Office for Standards in Education (Ofsted)
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Family contact is lost the longer children stay in care
The longer children stay in care the more likely that all contacts with their parents, siblings, grandparents and friends are lost. Once children have been in care for over two years, they have much less contact with their birth family and for those who have been in care for over six years all contact is most likely to be lost.
The report, Keeping in touch, published today by Children’s Rights Director, Roger Morgan, surveyed the views of nearly 400 children and young people about keeping in touch and losing contact with their families and friends whilst in care.
Contact with birth families could be lost for many reasons including when children move to a new placement, if placed a long way away, when siblings got adopted, or simply as time passed people grew apart or lost general contact.
However, sometimes contact is complicated as children may want contact with one person, but not their partner. As one young person explained, ‘I want to see Dad, but he won’t see me without Step-mum there’. They have now lost all contact with their father.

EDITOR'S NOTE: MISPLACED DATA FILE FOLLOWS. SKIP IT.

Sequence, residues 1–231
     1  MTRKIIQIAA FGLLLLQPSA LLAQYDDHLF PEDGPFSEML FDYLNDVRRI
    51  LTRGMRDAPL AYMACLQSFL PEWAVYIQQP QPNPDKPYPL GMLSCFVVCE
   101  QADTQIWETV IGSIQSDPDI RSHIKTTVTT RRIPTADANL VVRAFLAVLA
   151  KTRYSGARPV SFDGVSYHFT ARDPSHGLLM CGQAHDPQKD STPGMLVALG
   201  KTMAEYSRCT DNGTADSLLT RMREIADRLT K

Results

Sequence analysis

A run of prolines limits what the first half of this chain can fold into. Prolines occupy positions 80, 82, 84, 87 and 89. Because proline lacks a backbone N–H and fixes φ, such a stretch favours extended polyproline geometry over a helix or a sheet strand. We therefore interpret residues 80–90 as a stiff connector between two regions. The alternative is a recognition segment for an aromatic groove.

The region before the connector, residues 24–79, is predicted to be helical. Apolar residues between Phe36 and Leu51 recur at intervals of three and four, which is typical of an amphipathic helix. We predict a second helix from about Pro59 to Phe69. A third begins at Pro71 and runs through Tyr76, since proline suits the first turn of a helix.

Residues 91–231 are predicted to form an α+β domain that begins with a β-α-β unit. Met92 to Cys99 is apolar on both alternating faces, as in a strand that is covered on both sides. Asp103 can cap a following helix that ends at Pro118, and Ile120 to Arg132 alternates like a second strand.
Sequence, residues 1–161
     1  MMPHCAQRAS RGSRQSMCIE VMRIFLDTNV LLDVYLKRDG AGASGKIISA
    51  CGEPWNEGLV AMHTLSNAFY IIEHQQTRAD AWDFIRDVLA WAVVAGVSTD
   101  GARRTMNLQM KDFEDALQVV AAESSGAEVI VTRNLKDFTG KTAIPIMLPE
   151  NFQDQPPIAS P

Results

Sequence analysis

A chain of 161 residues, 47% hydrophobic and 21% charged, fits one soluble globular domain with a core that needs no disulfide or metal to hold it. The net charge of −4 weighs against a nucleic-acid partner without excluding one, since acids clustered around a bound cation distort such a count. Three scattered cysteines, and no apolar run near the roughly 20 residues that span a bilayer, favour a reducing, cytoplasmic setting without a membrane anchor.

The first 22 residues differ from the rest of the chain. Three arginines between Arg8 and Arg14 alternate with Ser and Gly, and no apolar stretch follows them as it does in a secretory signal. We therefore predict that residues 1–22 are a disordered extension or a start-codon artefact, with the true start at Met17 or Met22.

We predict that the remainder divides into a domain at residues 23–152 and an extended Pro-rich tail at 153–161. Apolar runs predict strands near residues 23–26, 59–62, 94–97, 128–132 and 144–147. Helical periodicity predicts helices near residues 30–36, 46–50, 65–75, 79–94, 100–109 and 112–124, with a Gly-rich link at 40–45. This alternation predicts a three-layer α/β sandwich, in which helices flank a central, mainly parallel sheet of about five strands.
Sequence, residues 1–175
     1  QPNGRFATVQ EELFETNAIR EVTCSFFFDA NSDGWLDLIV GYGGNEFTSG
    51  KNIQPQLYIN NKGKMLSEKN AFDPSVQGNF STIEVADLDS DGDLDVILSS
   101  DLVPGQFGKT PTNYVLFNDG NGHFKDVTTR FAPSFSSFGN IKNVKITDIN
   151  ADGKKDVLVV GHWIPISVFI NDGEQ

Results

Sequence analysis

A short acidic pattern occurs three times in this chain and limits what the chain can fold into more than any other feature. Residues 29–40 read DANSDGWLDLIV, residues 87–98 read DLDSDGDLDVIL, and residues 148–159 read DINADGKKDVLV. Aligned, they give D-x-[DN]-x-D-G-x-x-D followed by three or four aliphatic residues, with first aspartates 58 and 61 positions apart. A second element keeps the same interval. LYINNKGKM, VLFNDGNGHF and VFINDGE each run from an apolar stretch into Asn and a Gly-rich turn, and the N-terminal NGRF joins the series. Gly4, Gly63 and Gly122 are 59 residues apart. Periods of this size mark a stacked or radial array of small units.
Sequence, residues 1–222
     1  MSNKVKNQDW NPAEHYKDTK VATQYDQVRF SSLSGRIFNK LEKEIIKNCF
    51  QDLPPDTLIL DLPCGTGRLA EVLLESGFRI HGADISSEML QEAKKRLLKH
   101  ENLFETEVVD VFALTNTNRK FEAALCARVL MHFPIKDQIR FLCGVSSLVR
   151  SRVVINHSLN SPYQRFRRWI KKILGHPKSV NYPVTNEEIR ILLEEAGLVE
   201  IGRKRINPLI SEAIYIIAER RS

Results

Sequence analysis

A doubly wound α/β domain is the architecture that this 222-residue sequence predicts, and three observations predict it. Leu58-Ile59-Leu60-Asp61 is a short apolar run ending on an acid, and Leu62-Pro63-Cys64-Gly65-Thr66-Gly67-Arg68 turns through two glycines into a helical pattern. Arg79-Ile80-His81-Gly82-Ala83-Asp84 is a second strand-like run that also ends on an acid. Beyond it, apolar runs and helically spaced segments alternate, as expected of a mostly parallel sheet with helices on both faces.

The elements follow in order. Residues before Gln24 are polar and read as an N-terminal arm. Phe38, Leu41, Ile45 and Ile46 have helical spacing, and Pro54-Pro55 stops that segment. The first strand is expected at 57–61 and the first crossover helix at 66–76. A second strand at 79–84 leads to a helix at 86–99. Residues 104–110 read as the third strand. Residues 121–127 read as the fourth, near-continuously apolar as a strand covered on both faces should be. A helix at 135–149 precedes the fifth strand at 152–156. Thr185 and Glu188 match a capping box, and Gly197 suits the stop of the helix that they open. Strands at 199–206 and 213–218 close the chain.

Sometimes carers did not help children to stay in contact with their birth families. One young person had gradually lost contact with a member of their family because contact kept being stopped as a punishment, ‘You might stay out late and get grounded and contact is stopped’, said one young person.
However, children gave many examples where carers made extra efforts to help them to keep in touch with their families. One young person commented how she had been able to organise a party for her birth mother, and how special it had been to cook for her and bring her family together. Another said how their social worker had helped them buy new clothes to wear at a family wedding.
Children’s Right Director, Dr Roger Morgan said: ‘It is essential that children have the opportunity to voice their concerns in order to improve services for children in care. This is why this report about keeping in touch with birth families is important.